|Publication number||US4626933 A|
|Application number||US 06/524,426|
|Publication date||Dec 2, 1986|
|Filing date||Aug 18, 1983|
|Priority date||Aug 18, 1983|
|Publication number||06524426, 524426, US 4626933 A, US 4626933A, US-A-4626933, US4626933 A, US4626933A|
|Inventors||Nicholas J. Bucska, James F. Hopper|
|Original Assignee||Amcodyne Incorporated|
|Export Citation||BiBTeX, EndNote, RefMan|
|Patent Citations (14), Referenced by (27), Classifications (8), Legal Events (4)|
|External Links: USPTO, USPTO Assignment, Espacenet|
The present invention relates to a method and an apparatus for eliminating false or invalid read signal peaks so that only true or valid read signal peaks remain. The valid read signal peaks are stored on a magnetic disk and the invalid read signal peaks occur because of adjacent track interference, media defects, and electrical noise.
In reading data stored on a magnetic disk, a common but unwanted occurrence is the reading of invalid data signal peaks. Unless eliminated these signal peaks impair the accuracy of the data obtained from the disk. Since the data read is typically to be utilized in other parts of a digital system, it is imperative that the data be free of error. The present invention is directed to providing error-free data while minimizing hardware costs and the amount of hardware space required to implement the invention.
In U.S. Pat. No. 3,631,263 to Graham et al., an apparatus is disclosed for separating invalid data from valid data. The apparatus is configured to permit readout data to be outputted therefrom only if four conditions are satisfied. In determining whether these conditions are met, two signal channels are employed.
Unlike the Graham et al. apparatus, the present invention generates a strobe or clock signal which is synchronous with one or more unqualified or raw data signals. A data signal is "unqualified" in that invalid and unwanted signal pulses, due to adjacent track interference, media defects, and electrical noise, may be present. In one embodiment of the invention, read information is initially converted to a single unqualified data signal and a polarity signal, which provides information relating to the polarity of the single data signal. The strobe signal is synchronous with both the unqualified data signal and the polarity signal. Another important feature of the present invention is the use of a shift register for receiving a data signal having pulses corresponding to the peaks associated with the signal read from the disk.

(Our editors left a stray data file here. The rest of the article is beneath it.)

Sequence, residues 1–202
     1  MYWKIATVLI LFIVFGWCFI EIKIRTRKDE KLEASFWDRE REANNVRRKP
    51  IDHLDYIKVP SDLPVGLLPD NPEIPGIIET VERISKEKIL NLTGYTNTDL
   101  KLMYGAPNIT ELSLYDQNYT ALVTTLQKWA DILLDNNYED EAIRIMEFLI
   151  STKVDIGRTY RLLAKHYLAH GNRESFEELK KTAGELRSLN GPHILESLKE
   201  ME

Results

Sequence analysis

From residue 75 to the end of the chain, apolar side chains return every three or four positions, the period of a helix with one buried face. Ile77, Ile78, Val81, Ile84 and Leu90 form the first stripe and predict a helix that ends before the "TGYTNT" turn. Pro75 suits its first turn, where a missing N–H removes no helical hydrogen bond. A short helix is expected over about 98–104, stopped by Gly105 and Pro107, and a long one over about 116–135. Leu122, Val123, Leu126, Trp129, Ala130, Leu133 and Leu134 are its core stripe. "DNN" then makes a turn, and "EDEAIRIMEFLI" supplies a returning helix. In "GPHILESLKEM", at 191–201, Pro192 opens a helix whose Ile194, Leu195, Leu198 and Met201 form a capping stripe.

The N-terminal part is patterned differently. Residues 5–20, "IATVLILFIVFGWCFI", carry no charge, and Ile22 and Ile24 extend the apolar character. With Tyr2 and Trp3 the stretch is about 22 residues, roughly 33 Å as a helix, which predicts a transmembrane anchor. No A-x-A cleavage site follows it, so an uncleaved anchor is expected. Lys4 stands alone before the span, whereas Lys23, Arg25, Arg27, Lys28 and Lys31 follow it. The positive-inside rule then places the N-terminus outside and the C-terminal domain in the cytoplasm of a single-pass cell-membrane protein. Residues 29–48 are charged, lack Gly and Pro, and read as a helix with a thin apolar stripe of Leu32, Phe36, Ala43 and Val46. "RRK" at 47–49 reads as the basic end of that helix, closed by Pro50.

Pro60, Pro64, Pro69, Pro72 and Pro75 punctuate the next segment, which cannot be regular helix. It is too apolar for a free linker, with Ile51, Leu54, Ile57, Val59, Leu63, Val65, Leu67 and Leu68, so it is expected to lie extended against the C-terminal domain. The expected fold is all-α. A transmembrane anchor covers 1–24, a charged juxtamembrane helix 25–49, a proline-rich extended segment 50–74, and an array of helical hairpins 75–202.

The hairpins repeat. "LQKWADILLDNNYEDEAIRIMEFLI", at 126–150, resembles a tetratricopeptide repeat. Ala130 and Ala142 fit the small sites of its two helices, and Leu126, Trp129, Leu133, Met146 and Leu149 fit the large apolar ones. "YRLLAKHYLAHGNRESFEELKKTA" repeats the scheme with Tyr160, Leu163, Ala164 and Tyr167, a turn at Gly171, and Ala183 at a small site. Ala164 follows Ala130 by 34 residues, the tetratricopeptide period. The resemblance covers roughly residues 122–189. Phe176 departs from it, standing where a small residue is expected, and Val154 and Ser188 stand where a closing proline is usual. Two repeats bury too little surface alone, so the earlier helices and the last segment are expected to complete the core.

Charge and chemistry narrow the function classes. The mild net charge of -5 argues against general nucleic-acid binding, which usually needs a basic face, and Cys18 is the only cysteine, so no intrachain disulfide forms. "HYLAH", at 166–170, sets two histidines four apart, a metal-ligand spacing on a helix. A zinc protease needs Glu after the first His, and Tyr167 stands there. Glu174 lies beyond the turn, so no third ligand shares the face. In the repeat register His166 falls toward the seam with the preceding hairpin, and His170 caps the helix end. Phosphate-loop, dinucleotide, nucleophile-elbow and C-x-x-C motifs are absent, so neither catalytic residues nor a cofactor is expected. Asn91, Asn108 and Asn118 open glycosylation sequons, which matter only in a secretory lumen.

In accordance with the present invention, an apparatus is provided for removing unwanted signal peaks detected during the read operation using a magnetic disk. In one embodiment, the apparatus includes a signal converter for converting the analog readback signal from the disk into two separate but related signals. A Raw Data signal is generated, which represents the signal peaks read from the disk; and, a Raw Polarity signal is generated, which represents the polarity of the signal peaks read from the disk. The Raw Data signal is inputted to a phase lock loop for measuring the average phase of the signal inputted thereto and outputting a signal that is locked to the average phase of the data. The Raw Data signal is also applied, together with the Raw Polarity signal, to a reclocking circuit. Basically, the reclocking circuit outputs a Standarized Polarity signal and a Standardized Data signal which are synchronized with a Strobe or Clock signal so that the transition or edge of a standardized data pulse and a standardized polarity pulse occur at a constant time interval with respect to a Strobe signal transition. The Standardized Data and Standardized Polarity signals are then sent to a qualifying circuit, including logic circuitry based upon a predetermined algorithm, for removing invalid standardized read data and outputting qualified data, which represents only valid or true read signal peaks.